A recent cross-party bill proposed by MPs seeks to limit tax breaks for AirBnb and other short-term let property owners.
The bill claims that the tax incentives for turning a property into a short term rental creates an unequal balance between these rentals and ‘classic’ medium and long-term ones.
It seeks to “remedy these imbalances in the rental market in zones tendues [areas with housing shortages],” and is fronted by MPs from Finistère and Pyrénées-Atlantiques, two departments with a high percentage of tourist lets.
In these areas, workers and students can struggle to find accommodation due to the lack of long-term (more than nine months) options available.
The bill also proposes giving more power to local officials to regulate short-term letting in areas facing a housing shortage.
Although originally drafted last April, the bill will now be assessed by parliament’s economic affairs committee.
Estimates are that more than 800,000 of France’s 35 million or so properties are classed as short-term lets, and they are particularly present in areas popular with tourists, such as coastal communes, the capital, and the Alpine areas.
Focus on taxation ‘fairness’
The bill comprises a number of responses to end the imbalance, although the main focus is on reforming tax reductions applied to owners of short-term lets.
Currently, income earned from short-term lets (meubles de tourisme classés) qualifies for a 71% tax reduction, compared to 50% from ‘traditional’ furnished long-term rentals and 30% for unfurnished ones.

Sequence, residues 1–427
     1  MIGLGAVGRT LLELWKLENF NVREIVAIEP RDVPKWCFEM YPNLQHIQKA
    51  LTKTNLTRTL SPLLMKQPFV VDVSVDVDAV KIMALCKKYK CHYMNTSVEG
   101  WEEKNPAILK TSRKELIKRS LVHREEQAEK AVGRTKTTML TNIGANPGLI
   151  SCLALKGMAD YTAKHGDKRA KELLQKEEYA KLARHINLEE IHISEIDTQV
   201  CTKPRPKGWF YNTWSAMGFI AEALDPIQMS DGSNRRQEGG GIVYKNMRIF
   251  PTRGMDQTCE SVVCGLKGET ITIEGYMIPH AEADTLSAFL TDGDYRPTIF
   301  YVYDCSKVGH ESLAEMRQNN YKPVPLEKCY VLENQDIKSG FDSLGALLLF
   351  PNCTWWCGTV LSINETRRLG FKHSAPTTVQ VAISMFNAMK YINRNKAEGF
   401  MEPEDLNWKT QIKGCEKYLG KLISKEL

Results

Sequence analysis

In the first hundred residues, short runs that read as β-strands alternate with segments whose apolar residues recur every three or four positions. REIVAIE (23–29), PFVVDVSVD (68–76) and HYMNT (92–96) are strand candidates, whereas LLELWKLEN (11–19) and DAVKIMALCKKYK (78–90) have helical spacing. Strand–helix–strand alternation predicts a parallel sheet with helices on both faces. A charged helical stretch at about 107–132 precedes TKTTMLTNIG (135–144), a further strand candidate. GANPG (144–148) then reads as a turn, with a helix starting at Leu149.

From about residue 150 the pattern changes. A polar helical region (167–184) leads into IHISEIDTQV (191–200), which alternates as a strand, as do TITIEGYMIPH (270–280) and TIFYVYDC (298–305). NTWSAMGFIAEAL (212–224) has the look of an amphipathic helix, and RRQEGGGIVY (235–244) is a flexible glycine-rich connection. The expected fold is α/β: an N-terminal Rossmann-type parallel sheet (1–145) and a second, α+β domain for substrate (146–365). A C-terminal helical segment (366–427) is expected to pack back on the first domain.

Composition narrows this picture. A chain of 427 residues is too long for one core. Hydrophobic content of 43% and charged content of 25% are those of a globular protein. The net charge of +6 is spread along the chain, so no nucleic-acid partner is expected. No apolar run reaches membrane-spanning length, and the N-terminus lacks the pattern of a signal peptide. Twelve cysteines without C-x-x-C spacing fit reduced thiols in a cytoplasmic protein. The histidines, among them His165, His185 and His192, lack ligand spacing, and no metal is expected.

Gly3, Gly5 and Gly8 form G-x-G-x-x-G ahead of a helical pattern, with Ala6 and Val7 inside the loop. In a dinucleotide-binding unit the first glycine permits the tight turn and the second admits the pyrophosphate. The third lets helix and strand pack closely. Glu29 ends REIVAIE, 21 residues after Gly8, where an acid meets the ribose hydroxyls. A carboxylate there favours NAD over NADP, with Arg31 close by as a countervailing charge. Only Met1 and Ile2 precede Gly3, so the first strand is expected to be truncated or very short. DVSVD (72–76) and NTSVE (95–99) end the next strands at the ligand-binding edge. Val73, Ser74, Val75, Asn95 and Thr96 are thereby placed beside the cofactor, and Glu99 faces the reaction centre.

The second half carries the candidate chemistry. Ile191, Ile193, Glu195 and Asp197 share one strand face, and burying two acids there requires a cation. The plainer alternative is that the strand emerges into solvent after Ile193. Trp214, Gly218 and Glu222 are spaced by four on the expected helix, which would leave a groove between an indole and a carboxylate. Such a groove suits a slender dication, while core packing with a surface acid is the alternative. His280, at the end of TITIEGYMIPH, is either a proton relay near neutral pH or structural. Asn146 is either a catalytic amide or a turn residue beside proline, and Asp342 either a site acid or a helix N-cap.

In an area classed as a zone tendue, the bill proposes this tax reduction for short-term lets to be reduced to 50%, in line with long-term lets.
For unclassified tourist lets (meubles de tourisme non-classés) – often those that are occasionally rented and do not have a ‘star rating’ from the government – the bill proposes this reduction should drop to 30%.
In theory, this means that for landlords, it may be more beneficial to rent the property on a long-term basis.
However, in areas not deemed to be suffering from a housing shortage, the current taxation rules would remain, including the 71% tax reduction for short-term lets.
Other changes include energy checks
Another change proposed – that would affect all short-term lets in all locations – would be the requirement for properties to undergo a DPE (diagnostic de performance énergétique) energy audit before being rented out.
A number of landlords currently rent out properties that score low on the scale – and subsequently cannot be rented out long-term – as tourist lets to circumvent rental rules and prevent the need to carry out energy-saving renovations on the properties.
Another change would see a long-term rental dwelling placed on the market for every property converted into a short-term let.
Some communes in the Pays-Basque area already have similar rules in place.
Read more: Rent controls coming in for Pays-Basque
More power for local officials
Finally, the bill seeks to give more powers to elected officials to manage tourist lets in their area.
This could include an authorisation system managed by communes or the requirement to register any short-term lets with the commune, as is the case currently in Paris and Bordeaux.
Local officials could also be given the power to “regulate the establishment of premises for tourist use,” in all areas with housing shortage – currently, this rule applies only to communes with over 200,000 residents and the three departments bordering Paris.
The ability for local officials to create a ‘quota’ of tourist lets is also mentioned – the MPs highlight that many communes which currently try to implement such quotas are frequently taken to court by short-term let landlords.